That is what we KNOW. Here is what common sense and a life of animal rescue tells me beyond that confirmed story. . .
Opie was a product of decades of shoddy backyard breeding. He lived in a crate where he slept, ate a little poor quality food and eliminated. He was never handled except when pulled out to breed a female. I imagine the people who had him were addicts, I imagine they screamed and raved and never acted like humans should. He barked constantly and was harmed often because it was annoying. His joints, from lack of walking and poor breeding, made the already questionable front legs we see in this breed greatly exacerbated to where you have to note the severe crooked angle when you see him and know that may not even hold up as years pass. He never saw outside. He was isolated and unable to touch others but able to see them from his crate, able to look into their crates and long for friendship, as all dogs will.
When you hear his back story, what I told you at first. . .how you feel about it changes. I am sure of it.
He was about three years old when turned in. For about 1,100 days, all he knew was horror.
And over 1,200 good days with us hasn't been enough to overcome it all. It IS enough to see change, but it is not for him to forget.
I encourage you to stop and consider how this applies to not only to animals, but to the people you meet daily and to those you think you know so well.
"Just get over it," sounds super ideal, but even for a little dog, that has proven insurmountable.
And you know, many beings walk paths without love or joy and stay positive: dogs and people. They are super tough.
But some cannot. Some aren't.
The path to better understanding mankind is to look outside of ourselves. . .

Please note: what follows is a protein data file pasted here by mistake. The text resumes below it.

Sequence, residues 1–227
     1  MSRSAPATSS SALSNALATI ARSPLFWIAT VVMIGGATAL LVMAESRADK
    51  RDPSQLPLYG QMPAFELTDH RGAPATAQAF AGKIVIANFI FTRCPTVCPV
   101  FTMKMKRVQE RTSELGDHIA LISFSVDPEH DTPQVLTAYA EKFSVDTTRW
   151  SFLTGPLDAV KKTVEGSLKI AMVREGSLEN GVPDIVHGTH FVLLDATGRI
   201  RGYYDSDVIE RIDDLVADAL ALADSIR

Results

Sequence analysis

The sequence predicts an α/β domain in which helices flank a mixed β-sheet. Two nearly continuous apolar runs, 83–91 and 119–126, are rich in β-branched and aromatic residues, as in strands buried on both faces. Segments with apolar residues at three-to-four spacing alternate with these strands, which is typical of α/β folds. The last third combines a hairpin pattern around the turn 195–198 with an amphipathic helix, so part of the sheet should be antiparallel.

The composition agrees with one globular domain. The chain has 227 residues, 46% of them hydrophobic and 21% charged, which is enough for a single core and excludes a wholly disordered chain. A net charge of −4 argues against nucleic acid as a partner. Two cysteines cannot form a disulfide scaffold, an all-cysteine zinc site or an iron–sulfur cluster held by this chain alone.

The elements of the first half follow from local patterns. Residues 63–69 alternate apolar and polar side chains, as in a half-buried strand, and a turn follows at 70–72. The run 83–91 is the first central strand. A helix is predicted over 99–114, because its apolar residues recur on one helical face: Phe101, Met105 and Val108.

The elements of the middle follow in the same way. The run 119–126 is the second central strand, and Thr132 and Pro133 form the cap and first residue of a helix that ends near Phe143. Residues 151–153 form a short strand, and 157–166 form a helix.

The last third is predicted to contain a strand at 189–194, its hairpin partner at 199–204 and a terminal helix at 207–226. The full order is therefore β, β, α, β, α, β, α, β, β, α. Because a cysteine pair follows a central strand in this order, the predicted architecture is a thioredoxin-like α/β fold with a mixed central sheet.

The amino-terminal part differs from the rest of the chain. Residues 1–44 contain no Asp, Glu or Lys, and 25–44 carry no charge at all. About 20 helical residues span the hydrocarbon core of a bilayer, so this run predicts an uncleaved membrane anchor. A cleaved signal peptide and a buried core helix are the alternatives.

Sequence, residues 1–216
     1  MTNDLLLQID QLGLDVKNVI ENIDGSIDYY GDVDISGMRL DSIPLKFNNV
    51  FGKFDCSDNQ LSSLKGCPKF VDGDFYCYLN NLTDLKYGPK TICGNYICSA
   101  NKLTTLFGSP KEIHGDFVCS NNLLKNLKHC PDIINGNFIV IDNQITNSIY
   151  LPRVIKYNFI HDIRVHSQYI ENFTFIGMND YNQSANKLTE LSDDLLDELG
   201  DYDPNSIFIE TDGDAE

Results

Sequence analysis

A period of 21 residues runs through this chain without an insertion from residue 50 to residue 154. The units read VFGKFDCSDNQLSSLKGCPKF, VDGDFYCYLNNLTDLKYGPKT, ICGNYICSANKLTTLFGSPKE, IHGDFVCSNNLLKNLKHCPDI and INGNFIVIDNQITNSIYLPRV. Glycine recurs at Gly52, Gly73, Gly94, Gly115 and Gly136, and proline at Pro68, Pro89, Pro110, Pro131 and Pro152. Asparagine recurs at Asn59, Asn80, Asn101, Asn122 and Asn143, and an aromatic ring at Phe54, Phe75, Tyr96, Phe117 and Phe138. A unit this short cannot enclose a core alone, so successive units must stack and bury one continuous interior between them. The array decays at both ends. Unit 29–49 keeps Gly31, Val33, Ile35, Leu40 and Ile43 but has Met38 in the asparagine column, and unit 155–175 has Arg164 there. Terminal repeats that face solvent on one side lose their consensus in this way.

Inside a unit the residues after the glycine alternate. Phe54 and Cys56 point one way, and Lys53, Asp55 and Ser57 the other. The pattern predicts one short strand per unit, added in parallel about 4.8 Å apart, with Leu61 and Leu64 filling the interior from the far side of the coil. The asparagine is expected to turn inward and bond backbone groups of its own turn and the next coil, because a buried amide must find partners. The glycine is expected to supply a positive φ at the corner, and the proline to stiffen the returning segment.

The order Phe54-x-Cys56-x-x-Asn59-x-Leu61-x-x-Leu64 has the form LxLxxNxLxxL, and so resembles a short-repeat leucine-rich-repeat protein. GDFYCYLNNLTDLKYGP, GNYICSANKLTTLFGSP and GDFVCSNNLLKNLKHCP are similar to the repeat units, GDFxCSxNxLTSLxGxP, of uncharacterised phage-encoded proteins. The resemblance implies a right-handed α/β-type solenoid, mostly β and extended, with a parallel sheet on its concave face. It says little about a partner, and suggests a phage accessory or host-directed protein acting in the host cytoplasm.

So just remember we aren't all made out of the same stuff: some of us are fragile and need more. Some folks don't really heal. How we handled a thing and how another handles it will never be the same. It cannot be. Will not ever be.
1,200 consecutive days where a hand only brought a scratch and food isn't always going to be enough believe that something bad isn't coming next because 1,201 days ago, there was nothing good.
I sure wish the mistreated children and horses and dogs could ALWAYS turned around and believe in only the good things, but Opie has shown me it isn't always going to be.
These days are okay for the little Dachshund. He sleeps with the rest of the dogs and his chosen person, Christian. He scratches to be let into his "room" with his boy at night to go to bed. Sometimes he will trot away when he knows he will be picked up, but sometimes, he stands there like a champ and just allows it, and it may not seem brave others, but it is brave to us.
He likes to go outside and lay in the sun and chase Lita, his best dog friend. He will eat with an audience or without, and he will raise hell to be fed on time. He will take a treat if you catch him on a good day. And lastly, he will, if he thinks you're not going to touch him or look right at him, whine and jump up and down until he climbs up to sleep by one's foot in the living room.
And about 6 months ago, he stopped destroying every single thing in his path.
So time works some wonders. . . but some is the key word, isn't it?